How many times have you heard the light of a candle used as an example of the function of the light “filling a previously darkened room with light?” The problem with this metaphor is that it neglects a critically important aspect of light – the casting of shadows.  Anything that stands in the direct line of the light that is seeking to find its way into a room casts a shadow and within this shadow is the darkness that the light is trying to dispel.

This is how it is with those of us who have been given the gift/curse of being a catalyst. We come into a space bringing our light, and while our intention is always and only love, that which stands in the way of our light casts shadows and reveals the places where darkness remains.

The work of…

View original post 406 more words

We Are All Called to Be Priest

Lauri Ann Lumby

Yesterday morning, I had the great honor of ordaining six women as High Priests in the Order of Melchizedek. In addition to having already completed the Authentic Freedom Mastery program, and for several, The Magdalene Priestess Training, these women committed themselves to eleven months of diligent study in the ancient, alchemical rituals and practices of the gnostic Christian tradition.  The intention and purpose of these studies is Union – union with the Divine, union within ourselves, union with all of humanity and union with all of creation.  The end result of these studies and the purpose of the ordination are to accept the call, and become empowered in the task of being a vessel of the Divine and being of service to the Divine intention of love.  In being a vessel of and servant to Divine love, we become agents for healing and transforming our world. This…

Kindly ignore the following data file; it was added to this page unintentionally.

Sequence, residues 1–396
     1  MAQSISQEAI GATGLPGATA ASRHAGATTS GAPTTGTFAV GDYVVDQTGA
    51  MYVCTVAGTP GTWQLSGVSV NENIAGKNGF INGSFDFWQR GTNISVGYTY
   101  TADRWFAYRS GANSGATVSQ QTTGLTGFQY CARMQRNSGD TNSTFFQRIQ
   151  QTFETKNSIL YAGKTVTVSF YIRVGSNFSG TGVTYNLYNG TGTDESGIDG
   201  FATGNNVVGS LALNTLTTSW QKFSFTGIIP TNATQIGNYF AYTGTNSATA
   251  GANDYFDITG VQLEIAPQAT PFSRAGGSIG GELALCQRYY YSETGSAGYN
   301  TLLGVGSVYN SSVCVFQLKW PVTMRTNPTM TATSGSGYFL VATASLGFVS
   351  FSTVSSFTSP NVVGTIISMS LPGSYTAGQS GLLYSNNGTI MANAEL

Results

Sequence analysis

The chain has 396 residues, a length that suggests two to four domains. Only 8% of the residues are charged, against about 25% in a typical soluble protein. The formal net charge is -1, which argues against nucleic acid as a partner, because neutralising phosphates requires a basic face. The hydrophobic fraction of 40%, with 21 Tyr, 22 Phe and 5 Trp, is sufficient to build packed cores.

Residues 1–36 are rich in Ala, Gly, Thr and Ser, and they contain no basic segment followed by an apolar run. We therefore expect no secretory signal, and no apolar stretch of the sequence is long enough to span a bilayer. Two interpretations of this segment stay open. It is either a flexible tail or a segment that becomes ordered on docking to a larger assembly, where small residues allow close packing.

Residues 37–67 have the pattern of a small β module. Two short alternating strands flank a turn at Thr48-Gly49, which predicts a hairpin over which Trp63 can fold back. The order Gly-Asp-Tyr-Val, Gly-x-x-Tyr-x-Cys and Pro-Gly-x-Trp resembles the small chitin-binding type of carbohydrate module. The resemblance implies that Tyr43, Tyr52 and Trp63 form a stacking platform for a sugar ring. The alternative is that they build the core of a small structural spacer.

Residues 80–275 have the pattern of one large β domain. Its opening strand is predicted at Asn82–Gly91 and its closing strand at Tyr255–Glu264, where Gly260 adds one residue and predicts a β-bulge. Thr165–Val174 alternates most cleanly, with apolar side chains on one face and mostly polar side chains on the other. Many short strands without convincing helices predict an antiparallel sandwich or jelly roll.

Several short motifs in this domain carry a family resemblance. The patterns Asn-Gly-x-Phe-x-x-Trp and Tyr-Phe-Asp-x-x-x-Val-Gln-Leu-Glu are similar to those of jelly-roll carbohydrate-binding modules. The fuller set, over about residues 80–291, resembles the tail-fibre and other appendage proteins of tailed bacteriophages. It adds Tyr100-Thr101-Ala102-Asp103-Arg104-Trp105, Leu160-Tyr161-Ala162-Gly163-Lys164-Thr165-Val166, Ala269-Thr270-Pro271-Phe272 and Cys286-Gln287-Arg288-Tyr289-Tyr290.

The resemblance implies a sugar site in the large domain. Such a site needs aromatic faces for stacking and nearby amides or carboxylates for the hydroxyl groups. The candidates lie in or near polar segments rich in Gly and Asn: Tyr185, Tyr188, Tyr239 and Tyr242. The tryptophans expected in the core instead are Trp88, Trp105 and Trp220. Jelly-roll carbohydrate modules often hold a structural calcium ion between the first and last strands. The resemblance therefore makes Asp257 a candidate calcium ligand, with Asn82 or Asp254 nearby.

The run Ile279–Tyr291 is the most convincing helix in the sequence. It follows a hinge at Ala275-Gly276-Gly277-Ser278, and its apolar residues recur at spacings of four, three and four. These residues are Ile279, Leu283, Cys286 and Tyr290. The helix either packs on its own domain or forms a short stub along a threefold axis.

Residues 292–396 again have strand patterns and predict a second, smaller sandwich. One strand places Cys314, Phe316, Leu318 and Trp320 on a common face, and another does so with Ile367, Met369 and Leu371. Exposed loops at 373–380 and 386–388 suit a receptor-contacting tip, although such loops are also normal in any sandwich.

View original post 554 more words

Union – Available NOW!

Lauri Ann Lumby

My latest book, Union – A Year of Spiritual Lessons and Practiceswith Mary Magdalene is available NOW through Amazon!

Mary Magdalene is many things to many people, but to the initiated, she is the Beloved of Christ, his co-equal partner, and guardian of the mystical teachings and practices of the Western spiritual tradition. More than any other disciple, Mary understood the mystical, gnostic, and alchemical teachings of Jesus.  Mary came to embody these teachings and was empowered by Christ to deliver these teachings to the Western world.